After the stunning beauty of Iguaçu Falls we headed inland towards the Pantanal, one of the world’s largest tropical wetlands, an area rich in wildlife in the southeast of Brazil.
We stayed for 3 nights at a farm/eco tourism lodge, Santa Clara, with macaws and toucans in the trees and caiman and piranha in the river. We trekked through the jungle and rode horses across green fields. In such a beautiful setting it was easy to forget how hot we were and how many mosquitoes were biting us.
A highlight of our stay here was a boat trip up the river, where we saw so many beautiful birds as well as capybaras, the largest rodent in the world. We watched them munch grass on the banks of the river, and then completely disappear under the dark water.
We also spent an afternoon fishing for piranhas’, a pastime in which I was not very successful but Luke of course excelled at. He managed to catch 9 which along with a few caught by some others were then cooked up for our dinner.
Competing with us for space along the river bank were caiman, a smaller relative of the crocodile who supposedly only eat fish. Some of them got very close, and some of us got close to them. We did swim in the same river with the piranha and caiman, although I didn’t stay in long after I felt things bumping my legs.
Our next stop in the Pantanal was in Bonito, where we had come to see one of the clearest rivers in the world, the Rio Prata. There is a section of the river where people are allowed to take guided snorkelling tips, and it is very worth doing. The water is crystal clear and teaming with big fish and underwater plants.
While we were in Bonito Luke and I also went on a river tubing trip. I imagined something similar to floating down the river where I grew up on an old tire, but this was quite different. After being made to put on helmets and life jackets I guessed it would be a little more intense. It was a fun hour of going over little waterfalls and rapids down a lovely jungle river.
Paraty is a beautiful little colonial beach town between Sao Paulo and Rio. We stopped here for a few days before reaching the end of our trip. The sea here was almost too warm to swim in, but it was nice to spend a few days soaking up the sun and relaxing before hitting Rio in the full swing of Carnaval!
Rio is an absolutely mental place, and I imagine it would be on a regular day as well as during the biggest party week of the year. Throughout the city there are street parties at all times of day and night. These basically consist of a float or band slowly making their way through a neighbourhood followed by a large crowd of dancing, dressed up people. It is a crazy sight to behold, but a fun thing to be a part of.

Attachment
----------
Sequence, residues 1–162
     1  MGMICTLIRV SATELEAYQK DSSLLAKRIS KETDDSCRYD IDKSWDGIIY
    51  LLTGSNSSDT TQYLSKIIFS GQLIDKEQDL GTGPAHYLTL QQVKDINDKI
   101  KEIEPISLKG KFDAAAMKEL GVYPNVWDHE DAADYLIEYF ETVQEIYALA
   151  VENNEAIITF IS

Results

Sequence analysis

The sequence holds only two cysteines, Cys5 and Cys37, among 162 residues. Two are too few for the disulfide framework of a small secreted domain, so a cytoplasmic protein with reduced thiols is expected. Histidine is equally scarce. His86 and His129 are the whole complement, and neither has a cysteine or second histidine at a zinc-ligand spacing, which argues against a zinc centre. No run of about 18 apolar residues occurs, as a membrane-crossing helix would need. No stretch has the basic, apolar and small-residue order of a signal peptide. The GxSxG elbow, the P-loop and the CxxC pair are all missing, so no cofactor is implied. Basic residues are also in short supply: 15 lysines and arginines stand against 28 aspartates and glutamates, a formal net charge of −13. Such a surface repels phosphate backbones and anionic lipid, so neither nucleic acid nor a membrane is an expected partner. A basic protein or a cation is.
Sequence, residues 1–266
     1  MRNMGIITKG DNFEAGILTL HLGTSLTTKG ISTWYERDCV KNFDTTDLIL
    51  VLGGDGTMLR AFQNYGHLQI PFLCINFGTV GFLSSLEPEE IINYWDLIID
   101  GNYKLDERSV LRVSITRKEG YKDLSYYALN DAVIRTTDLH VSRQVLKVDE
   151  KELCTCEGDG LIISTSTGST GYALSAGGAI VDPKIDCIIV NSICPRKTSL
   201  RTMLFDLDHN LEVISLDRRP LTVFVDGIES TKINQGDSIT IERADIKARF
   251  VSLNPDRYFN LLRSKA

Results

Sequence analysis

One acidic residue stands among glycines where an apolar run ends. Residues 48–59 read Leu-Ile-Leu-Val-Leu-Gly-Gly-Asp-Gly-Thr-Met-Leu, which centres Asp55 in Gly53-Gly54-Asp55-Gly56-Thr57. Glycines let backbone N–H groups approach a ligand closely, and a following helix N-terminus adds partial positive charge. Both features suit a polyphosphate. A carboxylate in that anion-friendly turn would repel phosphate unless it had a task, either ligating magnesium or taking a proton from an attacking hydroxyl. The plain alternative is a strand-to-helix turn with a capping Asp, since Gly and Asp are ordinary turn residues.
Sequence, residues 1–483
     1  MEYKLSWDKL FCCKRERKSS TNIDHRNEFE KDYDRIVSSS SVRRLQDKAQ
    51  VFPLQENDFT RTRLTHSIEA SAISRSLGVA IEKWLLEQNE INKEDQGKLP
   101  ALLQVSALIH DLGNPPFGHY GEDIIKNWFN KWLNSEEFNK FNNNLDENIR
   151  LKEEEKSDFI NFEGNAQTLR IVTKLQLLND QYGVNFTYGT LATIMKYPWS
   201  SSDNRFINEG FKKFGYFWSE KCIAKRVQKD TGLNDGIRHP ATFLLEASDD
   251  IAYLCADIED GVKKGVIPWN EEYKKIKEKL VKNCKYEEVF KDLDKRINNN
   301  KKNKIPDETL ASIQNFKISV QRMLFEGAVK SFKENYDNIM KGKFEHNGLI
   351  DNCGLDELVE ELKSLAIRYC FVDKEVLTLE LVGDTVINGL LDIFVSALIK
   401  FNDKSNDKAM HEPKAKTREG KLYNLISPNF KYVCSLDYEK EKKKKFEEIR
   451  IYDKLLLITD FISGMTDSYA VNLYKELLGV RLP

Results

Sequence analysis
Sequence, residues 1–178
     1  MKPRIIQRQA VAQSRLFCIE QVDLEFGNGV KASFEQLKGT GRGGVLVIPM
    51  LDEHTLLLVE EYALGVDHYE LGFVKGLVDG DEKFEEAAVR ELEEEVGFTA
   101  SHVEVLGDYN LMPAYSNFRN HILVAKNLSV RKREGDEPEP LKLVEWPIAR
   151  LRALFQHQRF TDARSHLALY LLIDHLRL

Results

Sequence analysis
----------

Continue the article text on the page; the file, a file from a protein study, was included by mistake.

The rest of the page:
On one of our days in Rio we did a city tour, which was actually a great way to see all the major sights without waiting in long line ups. Our first stop was up one of the mountains surrounding the city to see the Christ the Redeemer statue. This iconic spot is packed with people all trying to get the perfect selfie, but as we got there pretty early it was not as bad as it could have been (or so we were told!). It was an impressive statue, but the views of the city made going up there worthwhile.
We also took the cable car up Sugar Loaf mountain for more great views of Rio.
There is a lot of cool graffiti dotted throughout the city. We spent an afternoon wandering the streets in Santa Teresa checking out the street art and also visited Selaron’s Staircase, where one man spent years creating a masterpiece of tiles. People from all over the world have sent tiles to help the artist along in his work. Sadly the steps only became an official tourist attraction a couple of years ago after Selaron’s body was found burned on the steps.
We did of course visit Copacabana beach. It was nice, but very busy and the sea is quite rough for swimming.
On our last night in Rio we all had tickets to go to the Sambadrome to watch the Carnaval parade. It is not mandatory to cover your body in glitter or dress up, but we all did our very best (even Luke embraced it!). The floats and dancers start around 8pm and finish at 7am the next day. We didn’t last quite that long, but it was amazing to be apart of and a good way to say goodbye to the friends that we have made on the truck over the last 4 months.
Looking back over our travels through South America it is incredible to think of all the things that we have seen and done in four months. It was a bit of a whirlwind, and at times we wished we had had more time to go off and do things on our own, but overall we enjoyed life on the big yellow truck and all the amazing things we have been lucky enough to experience. Our next adventures are just around the corner, so stay tuned…